Cybercrime is on the rise during COVID-19

As COVID-19 sweeps across the world, there is a great deal of fear and uncertainty abound. People everywhere are worried about their health, their families, their jobs, and the economy. And as if that is not enough to worry about, it seems cyber-security is now being added to this list. Unfortunately, there has been a recent uptick in the amount of cybercrime. Cyber criminals are capitalizing on this crisis, and the accompanying fear and uncertainty, to peddle misinformation, sell fraudulent products, steal personal data, and scam people out of money. Now more than ever is a time to be extra vigilant.

Check Point Software reports that since January 2020, over 16,000 new coronavirus-related domains have been registered and that these are 50% more likely to be malicious than other domains. Many of these websites thrive on fraudulent activity including purporting to sell facemasks, testing kits and even vaccines. Some of these websites will actually send false goods, while others will simply take users’ payment information and use it to steal money.

Fraudulent emails and text messages have also been on the rise, many coming from sources that are posing as legitimate organizations such as the Red Cross, World Health Organization, or the Government of Canada. Examples include a fraudulent email soliciting Bitcoin donations for the World Health Organization, a $37 video exposing “military secrets” about COVID-19, and a text message offering free face masks from the ‘Red Cross’. Recently, Global News also reported that many Canadians received text messages informing them that they are eligible to receive $1,375 from the Canadian Government. All they need to do is click on a link and provide their personal information. In doing so, victims compromise their personal data and put themselves at risk for future identity theft.

Individuals are not the only ones falling victim to COVID-19 related-scams. For many organizations whose employees are now working remotely, there is an increased risk that company systems will be hacked. Many employees will now be accessing sensitive company information through their home wifi networks. This provides a new entry point for hackers looking to gain access to corporate data. Phishing emails that are sent to work emails can also result in compromised company data through malware being downloaded to work devices. It’s also easier for employees to willfully carry out data breaches in the privacy of their own homes.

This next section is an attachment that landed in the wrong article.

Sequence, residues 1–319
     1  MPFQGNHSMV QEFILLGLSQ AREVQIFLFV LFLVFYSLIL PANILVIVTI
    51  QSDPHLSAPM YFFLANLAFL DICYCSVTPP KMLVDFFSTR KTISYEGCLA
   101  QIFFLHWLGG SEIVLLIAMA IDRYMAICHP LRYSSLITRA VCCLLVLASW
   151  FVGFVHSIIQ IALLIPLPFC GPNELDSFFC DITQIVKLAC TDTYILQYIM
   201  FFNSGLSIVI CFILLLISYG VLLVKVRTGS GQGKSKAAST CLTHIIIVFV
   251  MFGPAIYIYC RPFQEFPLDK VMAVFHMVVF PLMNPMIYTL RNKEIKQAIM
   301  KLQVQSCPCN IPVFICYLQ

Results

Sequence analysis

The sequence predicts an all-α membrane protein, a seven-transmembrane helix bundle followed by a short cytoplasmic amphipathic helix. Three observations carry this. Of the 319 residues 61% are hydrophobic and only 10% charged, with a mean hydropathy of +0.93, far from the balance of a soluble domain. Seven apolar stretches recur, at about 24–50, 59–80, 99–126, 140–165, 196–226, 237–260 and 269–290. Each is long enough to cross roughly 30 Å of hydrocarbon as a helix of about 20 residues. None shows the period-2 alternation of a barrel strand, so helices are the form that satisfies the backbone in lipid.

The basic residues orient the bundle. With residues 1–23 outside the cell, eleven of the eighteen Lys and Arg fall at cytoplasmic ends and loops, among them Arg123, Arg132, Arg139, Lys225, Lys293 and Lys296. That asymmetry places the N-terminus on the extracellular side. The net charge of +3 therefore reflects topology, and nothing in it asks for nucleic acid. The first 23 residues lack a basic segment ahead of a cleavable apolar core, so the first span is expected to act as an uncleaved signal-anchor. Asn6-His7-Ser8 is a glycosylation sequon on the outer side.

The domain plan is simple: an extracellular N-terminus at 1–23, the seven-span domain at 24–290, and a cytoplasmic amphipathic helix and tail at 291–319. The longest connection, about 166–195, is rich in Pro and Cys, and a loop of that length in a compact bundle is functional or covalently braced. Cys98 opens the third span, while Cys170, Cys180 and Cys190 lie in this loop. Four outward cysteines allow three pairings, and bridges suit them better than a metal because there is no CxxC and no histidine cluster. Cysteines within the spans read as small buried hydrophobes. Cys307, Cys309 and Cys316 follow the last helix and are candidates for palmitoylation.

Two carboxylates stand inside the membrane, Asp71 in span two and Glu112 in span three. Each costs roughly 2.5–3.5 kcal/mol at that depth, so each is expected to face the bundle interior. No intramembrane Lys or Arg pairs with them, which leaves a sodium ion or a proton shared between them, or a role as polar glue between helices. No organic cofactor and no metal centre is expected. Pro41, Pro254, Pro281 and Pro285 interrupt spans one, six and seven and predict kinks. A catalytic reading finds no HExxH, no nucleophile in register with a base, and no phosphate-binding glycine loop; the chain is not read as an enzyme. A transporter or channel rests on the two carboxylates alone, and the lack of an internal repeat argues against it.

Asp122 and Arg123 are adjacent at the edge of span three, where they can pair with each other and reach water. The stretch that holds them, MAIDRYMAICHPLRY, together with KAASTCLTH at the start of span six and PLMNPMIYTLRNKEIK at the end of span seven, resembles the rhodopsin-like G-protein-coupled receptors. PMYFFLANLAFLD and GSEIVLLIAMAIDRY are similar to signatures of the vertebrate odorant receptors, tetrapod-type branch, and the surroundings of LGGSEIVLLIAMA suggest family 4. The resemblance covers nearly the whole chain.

Cyber criminals will often work by exploiting fear and attempting to convey a sense of urgency in the hopes that their victims will act quickly and not take time to consider their actions. No matter what means they are using, be it text message, email, website or phone call, they will usually try to get their victims to act as swiftly as possible. The best way to avoid falling victim is to always consider the source of the message you’re receiving. Chances are that if a message looks questionable and you didn’t initiate contact with the organization, then you are being scammed.

The best way for individuals and companies to maintain their cyber security is to ensure all are attuned to the heightened risks and educated on how to spot fraudulent activity. For companies, there should also be a centralized means to document attempted cyber attacks, where users can share their experiences and see examples their colleagues share. 

To further protect company information from being accessed via unsecured networks, there are a few options. Many companies already have Virtual Private Networks, or VPNS that are more secure than most users’ personal networks. All employees who have access to sensitive data should be using a VPN. Perhaps this is also the time to consider temporarily limiting access to key databases only to essential personnel. 

As COVID-19 continues to be top of mind for everyone, it’s important not to let the resultant fear and confusion exacerbate the problem. The best way to protect yourself and your company from cyber attacks is to verify the source of incoming messages, take time to evaluate your actions and report suspicious activity.

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